Last Updated on January 31, 2023 by Andre Panagos M.D.
What is vitamin D?
Vitamin D, unlike other vitamins is not a vitamin at all, but a fat-soluble pre-hormone that is primarily made following sun exposure on your skin. It can also be found in some foods, although it is thought that sun exposure is the best way to absorb vitamin D.
What is the role of vitamin D and why is it so important?
Until just a few years ago, vitamin D was simply known as the “bone vitamin.” Recently research has found that it is used in virtually every single cell in the body and we now appreciate its greater spectrum of importance. There is compelling evidence for its vital role in a tremendous number of physiologic functions such as immune function, mineral homeostasis, cardiovascular function, and neurological function. Vitamin D also regulates genes that control cell growth and development and may be important in cancer prevention.
How widespread is vitamin D deficiency?
It is estimated that one billion people worldwide are vitamin D deficient and at least 64% of Americans do not have enough vitamin D which is thought to increase the risk of chronic disease. Deficiency has also been found in desert areas of the world such as the Middle East due to traditional clothing styles and time spent indoors.
Where can vitamin D be found?
Unlike other vitamins which are typically obtained from your diet, the vast majority of the vitamin D your body utilizes is synthesized directly from UVB exposure from the sun, hence its nickname, “the sunshine vitamin”. Vitamin D can also be found in some foods, although vitamin D synthesized from the sun is considered a superior form.
How can I get more vitamin D in my diet?
Some great sources of dietary vitamin D include:
- Cod liver oil and oily fish such as salmon and mackerel
- Organ meats from organically raised, grass-fed animals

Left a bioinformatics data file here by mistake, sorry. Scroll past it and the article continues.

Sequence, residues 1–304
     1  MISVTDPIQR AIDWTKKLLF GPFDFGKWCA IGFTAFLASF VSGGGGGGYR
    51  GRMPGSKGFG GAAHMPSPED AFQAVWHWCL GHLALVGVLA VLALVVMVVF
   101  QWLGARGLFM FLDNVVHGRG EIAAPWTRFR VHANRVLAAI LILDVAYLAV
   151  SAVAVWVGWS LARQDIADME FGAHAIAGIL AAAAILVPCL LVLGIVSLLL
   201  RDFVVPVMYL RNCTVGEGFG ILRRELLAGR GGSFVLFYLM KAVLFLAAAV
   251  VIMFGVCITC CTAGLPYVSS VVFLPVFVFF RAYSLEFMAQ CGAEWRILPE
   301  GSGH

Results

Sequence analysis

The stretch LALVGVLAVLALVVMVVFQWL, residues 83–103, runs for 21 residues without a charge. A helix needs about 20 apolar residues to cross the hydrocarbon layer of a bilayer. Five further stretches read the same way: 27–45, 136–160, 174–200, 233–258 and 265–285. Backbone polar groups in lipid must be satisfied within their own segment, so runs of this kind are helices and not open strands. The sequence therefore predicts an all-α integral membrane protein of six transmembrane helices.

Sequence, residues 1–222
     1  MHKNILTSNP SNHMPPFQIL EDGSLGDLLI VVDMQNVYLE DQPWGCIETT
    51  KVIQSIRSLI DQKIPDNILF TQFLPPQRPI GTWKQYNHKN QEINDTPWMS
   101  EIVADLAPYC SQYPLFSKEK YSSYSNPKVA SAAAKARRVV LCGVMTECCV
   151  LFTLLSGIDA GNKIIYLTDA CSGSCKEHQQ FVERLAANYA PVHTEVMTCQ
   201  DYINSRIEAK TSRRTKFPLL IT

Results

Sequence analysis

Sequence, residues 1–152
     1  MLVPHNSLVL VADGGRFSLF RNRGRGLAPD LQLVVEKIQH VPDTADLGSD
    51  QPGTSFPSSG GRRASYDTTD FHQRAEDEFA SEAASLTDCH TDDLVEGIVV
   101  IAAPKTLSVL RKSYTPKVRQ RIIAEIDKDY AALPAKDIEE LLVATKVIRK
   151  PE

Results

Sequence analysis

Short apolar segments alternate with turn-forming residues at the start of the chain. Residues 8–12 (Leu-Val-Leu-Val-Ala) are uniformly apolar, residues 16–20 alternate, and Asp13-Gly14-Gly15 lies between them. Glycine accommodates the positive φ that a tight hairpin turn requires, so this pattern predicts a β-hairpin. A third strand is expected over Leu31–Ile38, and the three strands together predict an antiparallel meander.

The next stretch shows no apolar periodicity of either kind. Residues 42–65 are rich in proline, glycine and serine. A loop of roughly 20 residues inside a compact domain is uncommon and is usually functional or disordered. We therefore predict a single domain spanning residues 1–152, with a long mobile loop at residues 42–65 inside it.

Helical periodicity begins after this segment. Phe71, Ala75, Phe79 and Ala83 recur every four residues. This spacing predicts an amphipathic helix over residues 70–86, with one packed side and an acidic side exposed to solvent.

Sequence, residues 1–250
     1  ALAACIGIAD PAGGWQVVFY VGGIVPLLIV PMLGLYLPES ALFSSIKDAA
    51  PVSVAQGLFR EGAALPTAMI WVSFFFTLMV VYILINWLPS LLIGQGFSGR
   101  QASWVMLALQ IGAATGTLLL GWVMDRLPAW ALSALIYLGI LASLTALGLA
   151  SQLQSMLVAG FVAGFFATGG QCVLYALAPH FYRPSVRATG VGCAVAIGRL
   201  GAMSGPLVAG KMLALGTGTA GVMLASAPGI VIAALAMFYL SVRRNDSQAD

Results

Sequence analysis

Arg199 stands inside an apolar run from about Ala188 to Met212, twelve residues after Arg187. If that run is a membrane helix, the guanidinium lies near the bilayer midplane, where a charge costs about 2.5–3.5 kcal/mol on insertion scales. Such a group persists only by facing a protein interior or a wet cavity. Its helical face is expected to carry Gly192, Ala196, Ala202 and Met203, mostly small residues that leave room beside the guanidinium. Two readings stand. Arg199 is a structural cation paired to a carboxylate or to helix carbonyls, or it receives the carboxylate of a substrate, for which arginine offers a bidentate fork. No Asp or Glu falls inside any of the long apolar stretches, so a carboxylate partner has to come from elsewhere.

- Portobello mushrooms
What are the dangers of vitamin D deficiency?
Nowadays, it is clear that maintaining less than optimal levels of vitamin D can be catastrophic. It opens the door to a host of diseases spanning all organ systems of the body, from cardiovascular disease, diabetes, osteoporosis, dementia to musculoskeletal pain, weakness, inflammatory disorders, cancer, immune dysfunction and autoimmune disorders. Without adequate vitamin D, your tissues cannot operate at their peak capacity so some functions suffer, while others outright fail.
What should my vitamin D level be?
Checking individual vitamin D blood levels is still not standard of care for many physicians, but it is one of the most important health-protecting steps you can take. Vitamin D deficiency requires immediate attention and aggressive vitamin D replacement.
Understanding Your Vitamin D Level
|Deficient Blood Levels
|Insufficient Blood Levels
|Sufficient Blood Levels
|Optimal Blood Levels
|Toxic Blood Levels
|< or = to 20 ng/mL
|At least 30 ng/mL
|> 100 ng/mL
What are risk factors for vitamin D deficiency?
The most significant risk factors for vitamin D deficiency include:
- Aging: As we get older, our skin changes which leads to a decreased capacity to synthesize vitamin D in the skin when exposed to the sun’s UVB light rays.